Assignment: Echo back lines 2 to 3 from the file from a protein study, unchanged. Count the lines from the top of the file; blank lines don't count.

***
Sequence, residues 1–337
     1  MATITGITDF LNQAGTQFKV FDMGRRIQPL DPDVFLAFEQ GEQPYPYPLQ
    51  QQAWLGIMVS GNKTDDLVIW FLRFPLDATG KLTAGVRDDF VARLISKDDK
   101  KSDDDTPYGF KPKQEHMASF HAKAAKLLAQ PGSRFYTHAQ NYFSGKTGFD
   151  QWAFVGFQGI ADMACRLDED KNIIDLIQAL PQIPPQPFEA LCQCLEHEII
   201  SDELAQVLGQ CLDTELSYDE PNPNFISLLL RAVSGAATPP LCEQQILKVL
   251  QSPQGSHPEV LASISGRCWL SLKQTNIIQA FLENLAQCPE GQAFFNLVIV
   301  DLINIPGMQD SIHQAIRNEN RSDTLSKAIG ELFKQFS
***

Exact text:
     1  MATITGITDF LNQAGTQFKV FDMGRRIQPL DPDVFLAFEQ GEQPYPYPLQ
    51  QQAWLGIMVS GNKTDDLVIW FLRFPLDATG KLTAGVRDDF VARLISKDDK